By Brady Huggett

Chromagen Inc. closed a $15 million round of financing and it now has the means to make itself seen, the company said.

The assay development and detection technology company doubled the combined amount it raised in its previous five rounds, bringing its financing aggregate sum to $30 million since it began in 1994.

Dain Rauscher Wessels, of Minneapolis, acted as the placement agent and adviser to the company. Zesiger Capital Group, of New York, led the round, with Essex Capital, of Boston; S.A.C. Capital Associates, of New York; DRW Venture Partners, of Minneapolis; United Capital, of Denver; JAFCO, of Palo Alto, Calif.; and Nippon Venture Capital, of Tokyo, participating.

"There was a strategy and a purpose behind the funding," said Michael Conrad, president and CEO of Chromagen. "With the funds we will grow the company's operations. This is sufficient to get us to profitability."

Conrad said Chromagen has a net burn rate of about $100,000 to $200,000 a month, and if things go per schedule, the $15 million, in reality, will not be spent in its entirety.

"We will never actually use it all up," he said. "We will be profitable on a month-to-month basis by the end of the year."

Chromagen, of San Diego, was founded by Conrad and Stan Sewitch, who then recruited the help of Raymond Johnson. It had both its seed round of financing and its Series A in 1994. Conrad has a Ph.D. in physical chemistry but has a different approach to the business, he said.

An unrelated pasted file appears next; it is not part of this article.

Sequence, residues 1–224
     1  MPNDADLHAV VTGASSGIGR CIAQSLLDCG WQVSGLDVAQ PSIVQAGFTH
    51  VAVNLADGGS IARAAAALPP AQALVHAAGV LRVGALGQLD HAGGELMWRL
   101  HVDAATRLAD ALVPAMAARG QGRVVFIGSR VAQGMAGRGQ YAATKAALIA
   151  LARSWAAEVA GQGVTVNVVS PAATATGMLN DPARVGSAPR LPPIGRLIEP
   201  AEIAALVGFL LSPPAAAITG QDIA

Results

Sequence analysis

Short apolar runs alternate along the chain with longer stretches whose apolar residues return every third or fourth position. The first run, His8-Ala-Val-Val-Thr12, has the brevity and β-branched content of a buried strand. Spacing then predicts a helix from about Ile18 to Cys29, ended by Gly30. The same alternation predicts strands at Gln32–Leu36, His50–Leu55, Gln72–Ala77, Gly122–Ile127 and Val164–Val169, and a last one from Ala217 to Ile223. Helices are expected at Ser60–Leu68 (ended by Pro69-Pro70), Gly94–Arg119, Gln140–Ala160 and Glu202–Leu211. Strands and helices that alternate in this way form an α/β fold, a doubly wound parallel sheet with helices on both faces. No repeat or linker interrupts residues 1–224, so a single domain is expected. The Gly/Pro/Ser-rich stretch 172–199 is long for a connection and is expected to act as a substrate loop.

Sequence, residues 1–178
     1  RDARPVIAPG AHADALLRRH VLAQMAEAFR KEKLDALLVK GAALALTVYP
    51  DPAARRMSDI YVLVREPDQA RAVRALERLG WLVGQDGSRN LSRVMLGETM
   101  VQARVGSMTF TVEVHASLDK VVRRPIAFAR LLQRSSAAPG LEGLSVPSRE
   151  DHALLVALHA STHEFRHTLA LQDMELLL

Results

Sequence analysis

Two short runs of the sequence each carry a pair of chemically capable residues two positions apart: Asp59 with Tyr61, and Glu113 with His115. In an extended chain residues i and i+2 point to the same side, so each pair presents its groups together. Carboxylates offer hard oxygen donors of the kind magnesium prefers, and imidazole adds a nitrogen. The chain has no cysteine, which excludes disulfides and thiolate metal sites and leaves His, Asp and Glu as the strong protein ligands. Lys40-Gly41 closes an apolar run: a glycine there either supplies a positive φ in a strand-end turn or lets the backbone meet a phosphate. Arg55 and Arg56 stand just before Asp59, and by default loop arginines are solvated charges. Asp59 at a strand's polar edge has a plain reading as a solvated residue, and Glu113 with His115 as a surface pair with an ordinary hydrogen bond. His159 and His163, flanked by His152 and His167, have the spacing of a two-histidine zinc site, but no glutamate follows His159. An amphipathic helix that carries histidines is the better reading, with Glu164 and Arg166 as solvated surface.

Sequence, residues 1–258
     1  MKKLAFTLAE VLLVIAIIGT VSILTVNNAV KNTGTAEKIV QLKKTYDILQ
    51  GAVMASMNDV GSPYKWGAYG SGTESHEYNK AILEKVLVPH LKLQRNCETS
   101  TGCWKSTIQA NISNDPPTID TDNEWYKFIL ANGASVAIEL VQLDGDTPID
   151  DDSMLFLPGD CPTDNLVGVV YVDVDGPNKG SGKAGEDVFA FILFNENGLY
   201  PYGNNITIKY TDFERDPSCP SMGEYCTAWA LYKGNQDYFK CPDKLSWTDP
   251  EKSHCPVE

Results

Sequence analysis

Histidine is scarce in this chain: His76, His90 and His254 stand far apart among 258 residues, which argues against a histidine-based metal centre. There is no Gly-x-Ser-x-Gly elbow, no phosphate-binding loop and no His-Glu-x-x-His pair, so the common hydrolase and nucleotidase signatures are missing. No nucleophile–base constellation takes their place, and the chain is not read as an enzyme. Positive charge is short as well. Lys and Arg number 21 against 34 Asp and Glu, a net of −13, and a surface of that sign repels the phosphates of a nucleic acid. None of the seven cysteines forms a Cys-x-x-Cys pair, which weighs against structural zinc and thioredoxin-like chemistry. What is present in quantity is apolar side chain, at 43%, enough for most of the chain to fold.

"There are a lot of pointy-headed intellectuals out there trying to run companies," he said. "I have no intention of joining that pack."

The company's technology platform is comprised of Simultaneous Transcriptome Analysis of Target Expression (STATE) arrays, High Performance Signal Amplification (HPSA) assays and fluorescent StarBright dyes that can be applied in the drug development process from genomic target selection right through high-throughput screening and toxicology. The key, Conrad said, is achieving a diversified product portfolio.

"We have 30 products in our portfolio," he said. "We are expecting to generate 30 to 50 this year and be at 200 to 250 in five years. I think that's a pretty stable number."

Although there isn't another financing planned, if the right deal came along, Chromagen would entertain thoughts. But for now, he added, the $15 million does three key things for Chromagen.

"First, it gives up visibility," he said. "We've been a well-kept secret for a long time. Second, we can step up and meet our contractual obligations. Third, we can expand our portfolio in pharmacogenomics and proteomics." n